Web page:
Virtual health – evaluating in a shifting landscape

Earlier this year, Rachael Butler and I completed a series of rapid reviews for Waikato District Health Board, looking at current thinking in virtual health – where advances in technology enable remote forms of healthcare delivery. Some anticipate that it will comprise a substantial proportion, if not the majority, of patient interactions in the future.

What is virtual health?

Discussion about telehealth and telemedicine approaches are often used interchangeably with virtual health. In the work we developed with our partners, virtual health was proposed as an evolutionary step beyond telehealth and digital health approaches, which is patient-centred and engages people as partners with clinicians in maintaining and improving their health.

Reported benefits of virtual health include improved access to healthcare and health and wellness education, increased patient engagement and satisfaction, a reduction in direct and indirect costs, and improved health outcomes. Virtual health programmes have also been linked to positive outcomes for health providers, including improved operational efficiencies, a reduction in costs, alleviation of staff/provider shortages, and access to a pool of clinical resources.

There’s always a 'but'

We found that virtual health initiatives have the potential to deliver patient-centric care, create more collaborative ways of working and make health systems more efficient. But when you’re talking about potential, there’s always a but. And with virtual health, clinical uptake is often a key challenge, along with the readiness of organisations to implement technology, and the suitability of technology for the purposes intended. Furthermore, users of virtual health systems – both clinicians and consumer/patients – should be involved in developing new initiatives, be adequately trained, and feel confident that the technology is safe, offers clear benefits, and is easy to use.

A copy of the synthesised reviews can be accessed here, where the above discussion is dealt with in substantially more detail.

Evaluating virtual health

When we presented on these findings at the 2018 ANZEA Conference, I offered some reflections about evaluating these types of approaches, drawing on the writing of Trisha Greenhalgh, one of the leading thinkers in this space. Trisha Greenhalgh’s 2018 book, How to implement evidence-based healthcare, is an excellent starting point.


The landscape of virtual health technologies is one that is constantly being iterated and refined. Maintaining a stable, unchanging intervention is really challenging in the context of apps that are being updated on our phones on a near-daily basis. So evaluations that are based on a linear assumption of stability and predictability may well be flawed from the outset. Evaluating technological interventions need to be seen in the light of something that is iterative, recursive and a long-term process – a developmental process.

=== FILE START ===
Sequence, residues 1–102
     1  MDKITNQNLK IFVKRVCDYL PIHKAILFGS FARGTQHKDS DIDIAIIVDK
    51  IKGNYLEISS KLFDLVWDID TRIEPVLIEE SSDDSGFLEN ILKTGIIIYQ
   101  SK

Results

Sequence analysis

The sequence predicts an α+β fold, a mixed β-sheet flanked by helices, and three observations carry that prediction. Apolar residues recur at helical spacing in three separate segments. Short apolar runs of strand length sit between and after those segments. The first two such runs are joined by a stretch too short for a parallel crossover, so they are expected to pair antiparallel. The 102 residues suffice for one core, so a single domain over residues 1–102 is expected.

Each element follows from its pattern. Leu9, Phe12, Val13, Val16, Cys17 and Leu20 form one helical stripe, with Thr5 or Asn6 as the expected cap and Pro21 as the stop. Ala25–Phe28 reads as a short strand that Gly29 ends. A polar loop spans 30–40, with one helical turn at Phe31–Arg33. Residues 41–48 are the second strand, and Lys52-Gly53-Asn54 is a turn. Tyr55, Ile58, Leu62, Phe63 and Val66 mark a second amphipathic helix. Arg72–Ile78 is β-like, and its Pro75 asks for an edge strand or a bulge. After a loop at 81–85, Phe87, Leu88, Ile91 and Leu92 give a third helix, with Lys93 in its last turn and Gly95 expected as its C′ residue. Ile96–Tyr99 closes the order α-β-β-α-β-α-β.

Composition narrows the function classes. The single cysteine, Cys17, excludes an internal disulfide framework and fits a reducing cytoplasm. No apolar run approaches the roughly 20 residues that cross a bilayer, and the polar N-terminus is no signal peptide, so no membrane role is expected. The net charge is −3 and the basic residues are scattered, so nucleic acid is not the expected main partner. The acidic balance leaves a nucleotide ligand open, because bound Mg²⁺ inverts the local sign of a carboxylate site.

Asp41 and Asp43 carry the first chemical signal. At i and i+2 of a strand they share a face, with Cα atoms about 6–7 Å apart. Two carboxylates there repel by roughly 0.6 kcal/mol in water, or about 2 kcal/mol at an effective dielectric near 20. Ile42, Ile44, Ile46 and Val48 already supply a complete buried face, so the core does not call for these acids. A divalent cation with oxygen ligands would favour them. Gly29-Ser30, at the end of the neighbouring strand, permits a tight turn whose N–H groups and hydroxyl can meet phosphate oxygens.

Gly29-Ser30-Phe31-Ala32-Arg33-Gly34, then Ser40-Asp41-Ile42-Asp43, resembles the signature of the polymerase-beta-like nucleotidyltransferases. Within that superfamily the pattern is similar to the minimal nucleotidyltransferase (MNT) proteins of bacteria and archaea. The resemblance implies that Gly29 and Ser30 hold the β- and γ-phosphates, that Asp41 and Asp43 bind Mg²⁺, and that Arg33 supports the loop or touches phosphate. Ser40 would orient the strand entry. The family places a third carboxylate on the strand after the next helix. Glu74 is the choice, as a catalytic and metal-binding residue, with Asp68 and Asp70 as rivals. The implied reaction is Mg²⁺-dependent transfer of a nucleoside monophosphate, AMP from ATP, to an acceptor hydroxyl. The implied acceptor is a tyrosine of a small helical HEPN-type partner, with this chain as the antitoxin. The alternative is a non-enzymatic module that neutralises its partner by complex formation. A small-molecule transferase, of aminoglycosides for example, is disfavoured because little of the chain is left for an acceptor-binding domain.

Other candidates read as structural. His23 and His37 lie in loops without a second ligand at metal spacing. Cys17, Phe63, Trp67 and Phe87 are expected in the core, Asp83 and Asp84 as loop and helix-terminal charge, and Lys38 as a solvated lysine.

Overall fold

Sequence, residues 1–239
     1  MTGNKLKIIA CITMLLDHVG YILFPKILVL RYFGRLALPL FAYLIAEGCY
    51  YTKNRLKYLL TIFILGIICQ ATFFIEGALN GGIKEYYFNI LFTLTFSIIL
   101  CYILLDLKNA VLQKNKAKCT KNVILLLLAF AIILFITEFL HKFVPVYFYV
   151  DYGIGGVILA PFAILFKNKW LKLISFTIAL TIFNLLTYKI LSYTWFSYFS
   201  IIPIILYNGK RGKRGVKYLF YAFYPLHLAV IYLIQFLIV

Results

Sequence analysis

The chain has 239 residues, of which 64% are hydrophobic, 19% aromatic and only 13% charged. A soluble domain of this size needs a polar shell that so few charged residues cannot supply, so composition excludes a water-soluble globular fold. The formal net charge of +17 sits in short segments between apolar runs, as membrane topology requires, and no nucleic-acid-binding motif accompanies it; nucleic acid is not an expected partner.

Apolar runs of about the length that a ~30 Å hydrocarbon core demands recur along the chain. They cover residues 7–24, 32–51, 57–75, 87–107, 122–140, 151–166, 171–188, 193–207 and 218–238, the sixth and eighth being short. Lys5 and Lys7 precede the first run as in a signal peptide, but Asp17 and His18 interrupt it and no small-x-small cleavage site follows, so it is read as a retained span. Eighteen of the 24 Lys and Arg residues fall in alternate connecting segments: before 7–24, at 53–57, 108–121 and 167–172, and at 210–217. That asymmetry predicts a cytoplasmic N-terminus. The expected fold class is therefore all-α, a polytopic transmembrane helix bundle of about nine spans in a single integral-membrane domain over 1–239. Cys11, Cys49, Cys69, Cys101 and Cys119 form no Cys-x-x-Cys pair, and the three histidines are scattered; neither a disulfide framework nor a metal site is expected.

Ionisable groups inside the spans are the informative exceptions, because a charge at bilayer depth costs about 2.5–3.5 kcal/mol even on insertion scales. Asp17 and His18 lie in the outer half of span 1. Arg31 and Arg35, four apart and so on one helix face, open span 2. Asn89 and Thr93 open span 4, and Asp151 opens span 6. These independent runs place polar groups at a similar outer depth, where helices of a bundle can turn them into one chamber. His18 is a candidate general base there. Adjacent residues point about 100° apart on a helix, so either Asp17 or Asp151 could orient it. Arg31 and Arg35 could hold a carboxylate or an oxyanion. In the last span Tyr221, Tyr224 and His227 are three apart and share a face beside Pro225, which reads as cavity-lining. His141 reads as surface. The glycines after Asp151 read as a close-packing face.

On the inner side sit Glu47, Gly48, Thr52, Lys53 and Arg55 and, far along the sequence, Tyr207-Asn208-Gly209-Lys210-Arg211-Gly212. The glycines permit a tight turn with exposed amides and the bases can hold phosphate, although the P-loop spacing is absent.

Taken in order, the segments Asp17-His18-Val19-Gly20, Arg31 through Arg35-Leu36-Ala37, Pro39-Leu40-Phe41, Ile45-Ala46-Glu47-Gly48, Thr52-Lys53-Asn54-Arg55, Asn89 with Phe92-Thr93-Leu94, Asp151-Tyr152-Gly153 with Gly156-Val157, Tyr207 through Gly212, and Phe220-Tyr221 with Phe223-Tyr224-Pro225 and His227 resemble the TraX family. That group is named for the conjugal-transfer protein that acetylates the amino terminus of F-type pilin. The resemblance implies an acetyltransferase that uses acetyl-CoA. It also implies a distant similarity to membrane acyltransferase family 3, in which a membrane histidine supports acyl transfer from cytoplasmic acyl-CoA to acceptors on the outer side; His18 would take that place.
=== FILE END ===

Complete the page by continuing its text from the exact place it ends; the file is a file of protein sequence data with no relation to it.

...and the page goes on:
The six worlds

Greenhalgh writes of six ‘worlds’ with significantly different stakeholder perspectives and expectations of technology interventions; each with their own evaluation needs:

  • Political, where technology is a vehicle for delivering policy, improving efficiency and providing measurable benefits to patients
  • Clinical, where technology is a tool to support professional practice and improve quality of care
  • Personal (patient/carer), where technology supports the individual’s personal health and wellbeing
  • Technical, where the focus is on design and as a software development project
  • Commercial, as a way of delivering return on investment
  • Legal/regulatory, in terms of information governance.

Getting comfortable with the complex

Greenhalgh and colleagues are particularly critical of systematic reviews of randomised control trials that overly simplify both the technological interventions and the outcomes they expect, and which often fall back on needing more research to gain a greater effect size. Instead, she argues for greater use of mixed methods and ethnographic research that embrace both context and complexity, to better understand the pathways and processes through which technological interventions fail or succeed, and use real-world experience to make sense of multiple and imperfect data sources.

In short, virtual health approaches are here to stay, and they will continually be refined and adapted to better meet the needs of people – many of which will fail to do so. Understanding technological value and impact needs to embrace the complexity of the different worlds of technology, and work similarly developmentally and iteratively as their real-life experience unfolds.


The review that this post is based on was commissioned by Waikato District Health Board over late 2017 and early 2018. The Smarthealth and Healthtap initiatives were outside the scope of our review.